​Almanac: Mack Sennett

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Mack Sennett with an interloper in "The Extra Girl" (1923).
Keystone Studios

And now a page from our "Sunday Morning" Almanac: January 17th, 1880, 136 years ago today ... the birthday of silent film pioneer Mack Sennett.

A bit player and director in Hollywood's early days, Sennett launched his own studio in 1912, the Keystone Film Company.

Nobody's idea of an art film studio, Keystone specialized in slapstick comedies.

Sennett's 1913 film "Bangville Police" blazed the trail for the famed Keystone Cops -- bungling officers who starred in a series of short films.

In the 1914 film "A Thief Catcher," one officer sporting a mustache is Charlie Chaplin.

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Charlie Chaplin also served on the Keystone Cops police force, in "A Thief Catcher (1914).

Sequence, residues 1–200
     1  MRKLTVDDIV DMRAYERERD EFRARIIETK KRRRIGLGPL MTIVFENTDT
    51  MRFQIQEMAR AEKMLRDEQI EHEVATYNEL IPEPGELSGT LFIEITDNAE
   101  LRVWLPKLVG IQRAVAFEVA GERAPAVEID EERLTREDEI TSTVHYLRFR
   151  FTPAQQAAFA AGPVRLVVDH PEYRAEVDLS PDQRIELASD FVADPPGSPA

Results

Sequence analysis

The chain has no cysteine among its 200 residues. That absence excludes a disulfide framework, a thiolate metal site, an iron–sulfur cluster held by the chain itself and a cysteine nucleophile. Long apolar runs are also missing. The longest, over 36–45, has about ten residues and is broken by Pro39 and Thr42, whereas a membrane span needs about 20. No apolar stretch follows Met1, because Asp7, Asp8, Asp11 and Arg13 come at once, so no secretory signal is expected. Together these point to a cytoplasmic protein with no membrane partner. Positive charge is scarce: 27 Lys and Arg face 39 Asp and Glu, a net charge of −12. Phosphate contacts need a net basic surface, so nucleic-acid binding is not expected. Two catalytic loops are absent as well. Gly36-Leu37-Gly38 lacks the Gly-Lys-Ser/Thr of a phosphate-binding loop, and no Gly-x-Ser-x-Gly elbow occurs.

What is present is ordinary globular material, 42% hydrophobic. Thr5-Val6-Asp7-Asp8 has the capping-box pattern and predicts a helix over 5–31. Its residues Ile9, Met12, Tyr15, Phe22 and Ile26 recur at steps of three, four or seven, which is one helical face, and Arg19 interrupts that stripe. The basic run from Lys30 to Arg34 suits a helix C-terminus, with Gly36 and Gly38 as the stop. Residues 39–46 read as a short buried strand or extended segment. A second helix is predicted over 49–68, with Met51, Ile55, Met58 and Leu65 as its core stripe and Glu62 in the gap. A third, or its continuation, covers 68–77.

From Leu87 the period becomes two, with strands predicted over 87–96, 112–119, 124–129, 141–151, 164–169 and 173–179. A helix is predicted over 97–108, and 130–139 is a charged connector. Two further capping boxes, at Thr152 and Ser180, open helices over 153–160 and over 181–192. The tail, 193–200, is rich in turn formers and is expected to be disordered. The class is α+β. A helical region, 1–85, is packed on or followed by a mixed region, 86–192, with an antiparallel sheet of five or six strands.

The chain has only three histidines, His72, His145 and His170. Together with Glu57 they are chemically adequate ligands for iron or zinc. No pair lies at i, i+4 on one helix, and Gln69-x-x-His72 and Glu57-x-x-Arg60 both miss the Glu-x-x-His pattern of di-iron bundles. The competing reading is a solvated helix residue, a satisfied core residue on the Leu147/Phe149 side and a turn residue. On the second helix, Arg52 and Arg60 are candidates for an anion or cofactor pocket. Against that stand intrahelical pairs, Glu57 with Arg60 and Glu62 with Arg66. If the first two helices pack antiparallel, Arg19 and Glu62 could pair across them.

Keystone Studios

Many other stars of the silent era were on the Keystone roster, including Roscoe "Fatty" Arbuckle and Mabel Normand, who appeared as newlyweds in the 1916 film, "Fatty and Mabel Adrift."

Unfortunately for Sennett, once his stars became big names, he lost them to other studios.

And over time, he also lost his audiences, as they grew tired of his formulaic slapstick.

Broke by the 1930s, Sennett was not entirely forgotten. In 1938 he was awarded a special Oscar, honoring him as the "master of fun ... the discoverer of stars."

Mack Sennett died in 1960 at the age of 80.

But the studio complex he built lives on. But its current occupant may sound familiar: The CBS Studio Center!


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